Finally, to end with the crowning jewel, no discussion of this film would be complete without the tour de force Riddles in the Dark scene. This is the probably the most famous scene that Tolkien ever wrote. It needed to be perfect, and it was. I can forgive many other oversights in light of the amount of effort Jackson, the writers, Martin Freeman and Andy Serkis put into this scene. It was truly scary and truly funny, often both at the same time and in the right measure. Serkis and Weta have created such a special relationship, and the vastly improved motion capture effects (which were pretty amazing 10 years ago) combined with Serkis’ mesmeric performance as Gollum is a simply historic moment in film history. And let’s not overlook Tolkien’s part in this successful scene. It is one of the few scenes of his which does not require or even suggest the need for adaptation: It plays beautifully as a piece of cinematic writing, with the dialogue flowing beautifully between the double-act of Bilbo and Gollum. As Jackson directed it, they actually filmed this scene continuously without breaks, much like a play, allowing the acting and the writing to excel. Though not every single riddle was included, most were and it was a joy to hear them spoken on screen. As a friend at Mythmoot pointed out, often treacherous Gollum (stinker) would ask the questions while playful Smeagol (slinker) would answer them, an inspired use of the split personality they’d previously established on screen. For all Andy Serkis’ usual brilliance, Freeman kept up with him, showing himself his absolute equal. The final moment in which Bilbo makes the decision to spare Gollum’s life after seeing his pathetic misery, the single most important decision any character in any Tolkien story ever makes, was fittingly poignant and momentous. The accidental kick in the face as Bilbo leaps over Gollum was a nice touch, physicalizing Gollum’s misunderstanding of Bilbo’s behavior as malicious and insulting. Flaws and all, The Hobbit: An Unexpected Journey is worth watching if only for the triumph of this climactic scene, although thankfully for many other reasons as well.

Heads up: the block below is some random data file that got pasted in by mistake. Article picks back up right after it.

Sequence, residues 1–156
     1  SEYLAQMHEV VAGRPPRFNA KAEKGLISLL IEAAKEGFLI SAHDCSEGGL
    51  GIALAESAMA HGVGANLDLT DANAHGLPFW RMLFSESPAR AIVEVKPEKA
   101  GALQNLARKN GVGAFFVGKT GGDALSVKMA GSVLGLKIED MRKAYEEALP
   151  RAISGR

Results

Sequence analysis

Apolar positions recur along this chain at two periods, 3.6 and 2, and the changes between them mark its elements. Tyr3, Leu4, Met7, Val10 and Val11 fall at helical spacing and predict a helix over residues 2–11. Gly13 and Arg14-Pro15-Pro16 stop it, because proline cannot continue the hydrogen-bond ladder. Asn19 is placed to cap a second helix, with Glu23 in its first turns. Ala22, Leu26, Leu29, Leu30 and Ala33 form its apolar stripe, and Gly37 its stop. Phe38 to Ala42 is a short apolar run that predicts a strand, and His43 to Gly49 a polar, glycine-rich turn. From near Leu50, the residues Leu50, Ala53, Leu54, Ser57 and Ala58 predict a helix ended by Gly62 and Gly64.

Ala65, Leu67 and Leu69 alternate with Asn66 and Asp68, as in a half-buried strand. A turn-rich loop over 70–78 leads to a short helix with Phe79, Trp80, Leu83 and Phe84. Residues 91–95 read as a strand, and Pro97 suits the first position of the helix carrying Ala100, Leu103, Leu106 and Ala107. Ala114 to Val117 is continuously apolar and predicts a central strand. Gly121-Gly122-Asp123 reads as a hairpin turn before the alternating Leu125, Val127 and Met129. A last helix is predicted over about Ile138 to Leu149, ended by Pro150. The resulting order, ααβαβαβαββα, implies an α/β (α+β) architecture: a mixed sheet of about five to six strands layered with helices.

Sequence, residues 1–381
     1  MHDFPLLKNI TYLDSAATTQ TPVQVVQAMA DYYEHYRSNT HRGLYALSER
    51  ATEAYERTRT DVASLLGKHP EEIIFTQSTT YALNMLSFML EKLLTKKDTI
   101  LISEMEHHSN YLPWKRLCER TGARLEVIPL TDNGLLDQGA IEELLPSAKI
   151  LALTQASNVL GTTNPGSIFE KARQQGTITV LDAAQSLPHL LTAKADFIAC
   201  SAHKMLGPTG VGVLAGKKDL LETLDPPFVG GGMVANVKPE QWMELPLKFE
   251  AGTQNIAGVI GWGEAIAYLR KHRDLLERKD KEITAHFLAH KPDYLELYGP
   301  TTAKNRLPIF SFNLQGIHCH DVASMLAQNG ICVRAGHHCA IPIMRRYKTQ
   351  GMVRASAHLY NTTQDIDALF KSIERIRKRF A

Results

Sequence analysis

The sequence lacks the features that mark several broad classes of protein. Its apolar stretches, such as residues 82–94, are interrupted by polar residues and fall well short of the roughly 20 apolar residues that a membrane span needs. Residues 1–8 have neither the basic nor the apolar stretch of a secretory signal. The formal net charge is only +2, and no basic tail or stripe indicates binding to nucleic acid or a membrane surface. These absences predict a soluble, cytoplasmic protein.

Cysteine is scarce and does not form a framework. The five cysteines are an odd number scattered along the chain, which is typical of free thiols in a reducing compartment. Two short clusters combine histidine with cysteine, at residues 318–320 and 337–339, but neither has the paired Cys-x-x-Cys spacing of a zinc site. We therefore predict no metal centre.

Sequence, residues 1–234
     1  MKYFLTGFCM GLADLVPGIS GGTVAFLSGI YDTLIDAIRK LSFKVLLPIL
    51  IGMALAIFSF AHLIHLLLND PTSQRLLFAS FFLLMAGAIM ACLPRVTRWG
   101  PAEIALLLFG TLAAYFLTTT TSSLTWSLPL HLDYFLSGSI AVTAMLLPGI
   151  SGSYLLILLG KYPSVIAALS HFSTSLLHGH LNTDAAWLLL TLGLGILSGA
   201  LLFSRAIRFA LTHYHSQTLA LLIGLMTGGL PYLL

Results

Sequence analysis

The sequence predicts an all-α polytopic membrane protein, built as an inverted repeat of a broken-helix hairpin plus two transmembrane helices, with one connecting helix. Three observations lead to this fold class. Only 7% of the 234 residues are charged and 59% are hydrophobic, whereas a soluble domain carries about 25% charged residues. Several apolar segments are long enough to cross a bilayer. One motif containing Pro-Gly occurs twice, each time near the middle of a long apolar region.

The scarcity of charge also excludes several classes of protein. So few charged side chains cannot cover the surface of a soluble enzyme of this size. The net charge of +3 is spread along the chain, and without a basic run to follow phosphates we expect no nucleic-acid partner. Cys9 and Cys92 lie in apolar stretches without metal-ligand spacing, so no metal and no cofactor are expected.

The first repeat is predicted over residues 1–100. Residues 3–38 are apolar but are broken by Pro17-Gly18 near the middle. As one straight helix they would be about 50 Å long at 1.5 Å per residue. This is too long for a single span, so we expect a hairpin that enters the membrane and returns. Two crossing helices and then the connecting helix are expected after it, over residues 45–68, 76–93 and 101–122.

If this fairly sizable review isn’t a large enough meal for you hobbit fanciers, I suggest listening to the three, count ’em three, hour long Riddles in the Dark post-release podcast. Although the purpose was to tally the results of the prediction game, the participants find time to cover every minute aspect of the film in exquisite detail, as well as expound on their philosophies of successful film adaptation. For the die hard fan of Tolkien and the script to screen adaptation process it’s a must-listen. To finish, I’ll just say that, along with Corey Olsen, I see Jackson’s Tolkien movies as a net gain, and although flawed have done wonderful things as ambassadors for Tolkien’s work and bringing these stories to a wider audience. Though I don’t necessarily think we need an extended edition of this particular installment, I nevertheless look forward to its release for the little gems it includes plus the extended making-of documentaries (the Appendices of the LOTR movies being, in my opinion, the greatest DVD special features of all time). I also enjoyed the movie enough to be great anticipating the next two installments. Let’s meet up for more discussion in the run-up to The Desolation of Smaug. Bring on the dragon!